What explains underdevelopment?
One of the most pressing problems of our age is the underdevelopment of countries in which government malfunction seems endemic. Many of these countries are located close to the Equator.1 Acemoglu et al. (2001) point to extractive institutions as the root cause for underdevelopment. Besley and Persson (2014) emphasise the persistent effects of low fiscal capacity in underdeveloped countries. On the other hand, Diamond (1997) argues that it is geographical factors that explain why some regions of the world remain underdeveloped. In particular, he argues that the east-west orientation of Eurasia resulted in greater variety and productivity of cultivable crops, and in larger economic surplus, which facilitated the development of state institutions in this major landmass. Less fortunate regions, including New Guinea and sub-Saharan Africa, were left underdeveloped due to low land productivity.
In a recent paper (Mayshar et al. 2015), we contend that fiscal capacity and viable state institutions are conditioned to a major extent by geography. Thus, like Diamond, we argue that geography matters a great deal. But in contrast to Diamond, and against conventional opinion, we contend that it is not high farming productivity and the availability of food surplus that accounts for the economic success of Eurasia.
- We propose an alternative mechanism by which environmental factors imply the appropriability of crops and thereby the emergence of complex social institutions.
To understand why surplus is neither necessary nor sufficient for the emergence of hierarchy, consider a hypothetical community of farmers who cultivate cassava (a major source of calories in sub-Saharan Africa, and the main crop cultivated in Nigeria), and assume that the annual output is well above subsistence. Cassava is a perennial root that is highly perishable upon harvest. Since this crop rots shortly after harvest, it isn't stored and it is thus difficult to steal or confiscate. As a result, the assumed available surplus would not facilitate the emergence of a non-food producing elite, and may be expected to lead to a population increase.
Consider now another hypothetical farming community that grows a cereal grain – such as wheat, rice or maize – yet with an annual produce that just meets each family's subsistence needs, without any surplus. Since the grain has to be harvested within a short period and then stored until the next harvest, a visiting robber or tax collector could readily confiscate part of the stored produce. Such ongoing confiscation may be expected to lead to a downward adjustment in population density, but it will nevertheless facilitate the emergence of non-producing elite, even though there was no surplus.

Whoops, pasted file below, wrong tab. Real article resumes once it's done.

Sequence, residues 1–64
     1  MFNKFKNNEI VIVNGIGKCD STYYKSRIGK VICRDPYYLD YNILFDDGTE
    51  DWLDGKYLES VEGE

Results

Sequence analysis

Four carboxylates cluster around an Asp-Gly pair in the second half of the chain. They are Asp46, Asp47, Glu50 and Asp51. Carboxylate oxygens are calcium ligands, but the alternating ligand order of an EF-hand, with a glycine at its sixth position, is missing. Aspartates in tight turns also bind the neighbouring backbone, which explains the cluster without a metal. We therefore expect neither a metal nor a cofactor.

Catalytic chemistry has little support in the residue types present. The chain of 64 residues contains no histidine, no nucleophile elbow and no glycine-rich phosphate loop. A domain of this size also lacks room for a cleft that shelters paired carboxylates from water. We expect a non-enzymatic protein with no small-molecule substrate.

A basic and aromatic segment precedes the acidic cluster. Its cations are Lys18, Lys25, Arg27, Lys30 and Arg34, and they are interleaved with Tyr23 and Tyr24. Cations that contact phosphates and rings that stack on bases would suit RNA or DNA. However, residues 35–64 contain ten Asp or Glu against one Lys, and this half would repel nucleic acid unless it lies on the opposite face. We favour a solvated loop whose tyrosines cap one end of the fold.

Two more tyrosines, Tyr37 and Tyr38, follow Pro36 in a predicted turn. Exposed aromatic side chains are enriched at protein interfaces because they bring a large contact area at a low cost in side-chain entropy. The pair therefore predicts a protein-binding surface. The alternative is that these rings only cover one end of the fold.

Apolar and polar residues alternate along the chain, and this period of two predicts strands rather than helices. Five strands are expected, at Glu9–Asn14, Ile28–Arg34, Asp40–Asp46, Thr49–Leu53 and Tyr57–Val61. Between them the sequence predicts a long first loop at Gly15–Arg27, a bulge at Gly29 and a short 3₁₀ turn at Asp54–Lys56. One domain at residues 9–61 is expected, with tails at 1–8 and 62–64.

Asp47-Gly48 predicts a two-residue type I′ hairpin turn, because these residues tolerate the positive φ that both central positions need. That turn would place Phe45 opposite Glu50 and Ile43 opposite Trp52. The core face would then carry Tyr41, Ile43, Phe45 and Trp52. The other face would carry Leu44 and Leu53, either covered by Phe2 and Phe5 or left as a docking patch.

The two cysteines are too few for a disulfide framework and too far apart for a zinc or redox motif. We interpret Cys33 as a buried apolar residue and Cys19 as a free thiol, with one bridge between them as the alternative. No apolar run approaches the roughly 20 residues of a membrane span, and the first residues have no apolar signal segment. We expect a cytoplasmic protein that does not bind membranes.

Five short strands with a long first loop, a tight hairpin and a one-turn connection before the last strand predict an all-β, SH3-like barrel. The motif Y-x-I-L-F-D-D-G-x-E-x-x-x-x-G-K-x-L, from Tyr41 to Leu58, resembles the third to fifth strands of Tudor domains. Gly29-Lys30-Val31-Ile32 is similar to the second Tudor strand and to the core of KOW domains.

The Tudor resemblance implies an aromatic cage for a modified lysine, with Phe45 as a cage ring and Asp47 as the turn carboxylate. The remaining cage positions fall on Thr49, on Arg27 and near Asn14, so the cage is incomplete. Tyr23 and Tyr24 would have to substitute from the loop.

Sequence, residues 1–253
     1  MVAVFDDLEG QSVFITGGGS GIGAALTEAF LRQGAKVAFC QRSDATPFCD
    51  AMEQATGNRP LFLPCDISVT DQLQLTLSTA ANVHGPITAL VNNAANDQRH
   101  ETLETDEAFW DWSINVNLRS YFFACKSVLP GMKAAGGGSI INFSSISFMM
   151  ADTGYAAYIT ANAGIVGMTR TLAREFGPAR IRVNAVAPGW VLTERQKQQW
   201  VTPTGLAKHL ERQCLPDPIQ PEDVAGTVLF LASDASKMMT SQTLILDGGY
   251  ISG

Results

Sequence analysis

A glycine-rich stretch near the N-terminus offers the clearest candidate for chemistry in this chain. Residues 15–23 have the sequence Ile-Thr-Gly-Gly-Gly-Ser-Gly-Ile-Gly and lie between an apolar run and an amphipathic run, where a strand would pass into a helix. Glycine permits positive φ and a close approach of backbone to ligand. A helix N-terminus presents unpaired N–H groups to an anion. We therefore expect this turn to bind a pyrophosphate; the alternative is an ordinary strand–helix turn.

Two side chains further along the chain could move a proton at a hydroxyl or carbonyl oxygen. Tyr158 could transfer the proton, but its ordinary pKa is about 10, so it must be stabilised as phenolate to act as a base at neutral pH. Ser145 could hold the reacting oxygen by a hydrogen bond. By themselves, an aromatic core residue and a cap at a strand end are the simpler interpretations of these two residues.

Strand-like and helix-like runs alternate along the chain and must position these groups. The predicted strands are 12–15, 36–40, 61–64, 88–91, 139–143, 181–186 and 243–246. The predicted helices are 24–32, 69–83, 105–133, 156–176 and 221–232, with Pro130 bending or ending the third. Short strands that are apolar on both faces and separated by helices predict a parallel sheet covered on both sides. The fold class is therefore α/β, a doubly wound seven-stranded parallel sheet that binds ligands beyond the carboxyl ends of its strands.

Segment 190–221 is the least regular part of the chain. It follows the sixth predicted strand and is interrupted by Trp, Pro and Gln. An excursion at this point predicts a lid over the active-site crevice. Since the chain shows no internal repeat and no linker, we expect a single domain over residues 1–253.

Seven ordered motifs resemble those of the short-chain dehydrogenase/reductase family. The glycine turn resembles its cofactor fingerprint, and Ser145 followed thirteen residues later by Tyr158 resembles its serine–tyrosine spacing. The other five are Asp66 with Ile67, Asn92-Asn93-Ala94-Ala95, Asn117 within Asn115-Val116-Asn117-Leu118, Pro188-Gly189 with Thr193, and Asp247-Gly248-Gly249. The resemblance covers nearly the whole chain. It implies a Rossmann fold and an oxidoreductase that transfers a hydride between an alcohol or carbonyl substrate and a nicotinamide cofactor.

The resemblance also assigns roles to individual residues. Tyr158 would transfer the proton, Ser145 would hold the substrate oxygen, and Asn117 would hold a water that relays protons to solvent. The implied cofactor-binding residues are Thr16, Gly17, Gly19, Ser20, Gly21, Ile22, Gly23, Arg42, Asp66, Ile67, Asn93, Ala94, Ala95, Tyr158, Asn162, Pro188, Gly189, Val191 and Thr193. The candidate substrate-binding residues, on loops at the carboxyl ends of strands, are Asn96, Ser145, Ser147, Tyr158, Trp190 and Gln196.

Emergence of fiscal capacity and hierarchy and the cultivation of cereals
This simple scenario shows that surplus isn't a precondition for taxation. It also illustrates our alternative theory that the transition to agriculture enabled hierarchy to emerge only where the cultivated crops were vulnerable to appropriation.
- In particular, we contend that the Neolithic emergence of fiscal capacity and hierarchy was conditioned on the cultivation of appropriable cereals as the staple crops, in contrast to less appropriable staples such as roots and tubers.
According to this theory, complex hierarchy did not emerge among hunter-gatherers because hunter-gatherers essentially live from hand-to-mouth, with little that can be expropriated from them to feed a would-be elite.2
- Thus, rather than surplus facilitating the emergence of the elite, we argue that the elite only emerged when and where it was possible to expropriate crops.
Due to increasing returns to scale in the provision of protection from theft, early farmers had to aggregate and to cooperate to defend their stored grains. Food storage and the demand for protection thus led to population agglomeration in villages and to the creation of a non-food producing elite that oversaw the provision of protection. Once a group became larger than a few dozen immediate kin, it is unlikely that those who sought protection services were as forthcoming in financing the security they desired. This public-good nature of protection was resolved by the ability of those in charge of protecting the stored food to appropriate the necessary means.
- That is, we argue that it was this transformation of the appropriation technology, due to the transition to cereals, which created both the demand for protection and the means for its provision.
This is how we explain the emergence of complex and hereditary social hierarchy, and eventually the state.